Principles of Adult Learning

Part of being an effective instructor involves understanding how adults learn. Malcom Knowles, a pioneer in adult learning, identified the following characteristics of adult learners:

  • Adults are autonomous and self-directed. Their teachers must actively involve them in the learning process and serve as facilitators rather than fact generators. Teachers must get participants’ perspectives on the topics to cover and let them work on projects that reflect their interests. They should also allow participants responsibility for presentations and group leadership and show participants how the class will help them reach their goals.
  • Adults have accumulates a foundation of life experiences and knowledge. Teachers need to connect learning to that knowledge/experience base by encouraging participants to share relevant experience/knowledge.
  • Adults are goal-oriented. They appreciate an educational program that is organized and has clearly defined elements. Instructors must show adult learners how the class relates to their goals early in the class.
  • Adults are relevancy-oriented. Learning has to be applicable to their work or other responsibilities to be of value to them. Instructors must identify objectives before the course begins and relate theories and concepts to a setting familiar to participants.
  • Adults are practical. They may not be interested in knowledge for knowledge’s sake but rather focus on what is most useful to them.
  • Adults, as with all learners, must be shown respect. Instructors should acknowledge the abundance of experiences and knowledge participants bring to the classroom.

Motivating the Adult Learner

There are at least six sources of motivation for adult learning:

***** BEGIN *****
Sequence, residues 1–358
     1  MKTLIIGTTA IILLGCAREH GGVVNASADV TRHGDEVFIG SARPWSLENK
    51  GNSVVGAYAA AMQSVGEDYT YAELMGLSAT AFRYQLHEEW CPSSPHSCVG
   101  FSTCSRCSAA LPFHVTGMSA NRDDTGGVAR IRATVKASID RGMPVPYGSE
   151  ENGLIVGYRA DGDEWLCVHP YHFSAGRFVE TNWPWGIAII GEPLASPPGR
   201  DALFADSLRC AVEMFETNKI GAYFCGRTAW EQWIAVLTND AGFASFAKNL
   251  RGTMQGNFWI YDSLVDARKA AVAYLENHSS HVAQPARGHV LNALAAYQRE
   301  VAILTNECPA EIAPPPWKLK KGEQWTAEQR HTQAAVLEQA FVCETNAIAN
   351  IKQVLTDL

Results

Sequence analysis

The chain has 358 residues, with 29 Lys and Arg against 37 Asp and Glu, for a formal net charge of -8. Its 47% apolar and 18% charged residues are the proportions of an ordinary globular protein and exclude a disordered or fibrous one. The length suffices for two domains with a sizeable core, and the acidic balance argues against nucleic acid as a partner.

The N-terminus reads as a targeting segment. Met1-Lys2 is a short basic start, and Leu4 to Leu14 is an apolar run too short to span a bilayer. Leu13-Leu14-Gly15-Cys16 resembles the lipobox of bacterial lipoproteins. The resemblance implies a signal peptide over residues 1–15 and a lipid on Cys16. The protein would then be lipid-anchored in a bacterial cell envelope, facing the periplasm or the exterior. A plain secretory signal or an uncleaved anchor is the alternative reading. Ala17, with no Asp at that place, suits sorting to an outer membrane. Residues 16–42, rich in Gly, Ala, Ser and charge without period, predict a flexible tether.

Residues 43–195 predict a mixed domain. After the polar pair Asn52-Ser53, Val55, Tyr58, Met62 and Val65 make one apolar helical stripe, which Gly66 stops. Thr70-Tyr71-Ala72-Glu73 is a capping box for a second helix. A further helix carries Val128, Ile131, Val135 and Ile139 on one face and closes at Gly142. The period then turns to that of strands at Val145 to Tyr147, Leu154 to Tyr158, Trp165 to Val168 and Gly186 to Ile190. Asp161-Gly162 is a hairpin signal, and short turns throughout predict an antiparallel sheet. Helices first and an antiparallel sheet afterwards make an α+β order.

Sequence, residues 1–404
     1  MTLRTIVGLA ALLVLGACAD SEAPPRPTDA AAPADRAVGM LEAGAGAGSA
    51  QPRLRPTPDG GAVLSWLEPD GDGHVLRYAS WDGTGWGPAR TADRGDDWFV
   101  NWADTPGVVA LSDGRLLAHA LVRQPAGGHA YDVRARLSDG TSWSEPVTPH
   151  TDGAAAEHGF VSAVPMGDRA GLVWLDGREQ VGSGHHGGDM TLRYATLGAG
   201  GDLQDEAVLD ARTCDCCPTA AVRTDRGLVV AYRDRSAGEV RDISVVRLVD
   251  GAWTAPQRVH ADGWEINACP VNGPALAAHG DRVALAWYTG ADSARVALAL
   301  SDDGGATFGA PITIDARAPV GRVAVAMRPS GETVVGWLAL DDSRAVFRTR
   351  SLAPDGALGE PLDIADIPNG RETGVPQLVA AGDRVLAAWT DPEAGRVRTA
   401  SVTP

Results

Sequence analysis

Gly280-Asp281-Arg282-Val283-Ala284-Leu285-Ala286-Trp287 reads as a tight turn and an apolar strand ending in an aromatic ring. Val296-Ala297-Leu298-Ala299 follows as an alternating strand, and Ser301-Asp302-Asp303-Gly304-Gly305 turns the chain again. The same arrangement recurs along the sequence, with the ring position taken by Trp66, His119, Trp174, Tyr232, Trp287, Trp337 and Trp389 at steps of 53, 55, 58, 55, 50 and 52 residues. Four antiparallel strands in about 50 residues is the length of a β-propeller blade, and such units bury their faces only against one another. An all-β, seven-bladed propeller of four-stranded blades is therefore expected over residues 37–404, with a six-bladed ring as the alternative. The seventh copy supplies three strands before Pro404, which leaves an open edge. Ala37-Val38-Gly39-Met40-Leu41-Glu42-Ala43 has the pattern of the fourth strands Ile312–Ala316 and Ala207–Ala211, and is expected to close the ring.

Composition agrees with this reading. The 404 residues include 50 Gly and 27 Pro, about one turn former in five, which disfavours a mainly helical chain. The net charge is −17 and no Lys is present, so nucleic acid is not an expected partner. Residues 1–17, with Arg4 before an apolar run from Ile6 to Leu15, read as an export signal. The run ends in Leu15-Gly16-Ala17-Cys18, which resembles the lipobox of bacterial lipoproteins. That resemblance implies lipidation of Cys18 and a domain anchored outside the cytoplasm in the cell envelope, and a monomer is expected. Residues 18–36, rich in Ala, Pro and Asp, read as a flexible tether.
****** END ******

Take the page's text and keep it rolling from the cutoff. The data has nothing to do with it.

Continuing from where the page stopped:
1. Social relationships: to make new friends, to meet a need for associations and friendships
  2. External expectations: to comply with instructions from another; to fulfill the expectations or recommendations of someone with formal authority
  3. Social welfare: to improve ability to serve mankind, prepare for service to the community, and improve ability to participate in community work
  4. Personal advancement: to achieve a higher job status, secure professional advancement and stay abreast of competitors
  5. Escape/Stimulation: to relieve boredom, provide a break in routine, and provide a contrast to other exacting details of life
  6. Cognitive interest: to learn for the sake of learning, and to satisfy an inquiring mind.

Barriers and Motivation

Adults have many responsibilities that they must balance against the demands of learning. These barriers against participating in learning include lack of time, money, confidence, or interest, lack of information about opportunities to learn, scheduling problems, “red tape”, and problems with child care and transportation.

An adult learner may also worry about being the oldest person in a class and their ability to participate with younger students. Creating an environment where all participants feel they have a valuable contribution can work to allay such concerns.

Adults may come to class with varying levels of confidence. Some may have had poor prior experiences with education leading to feelings of inadequacy and fear of study and failure. This can manifest itself in many ways.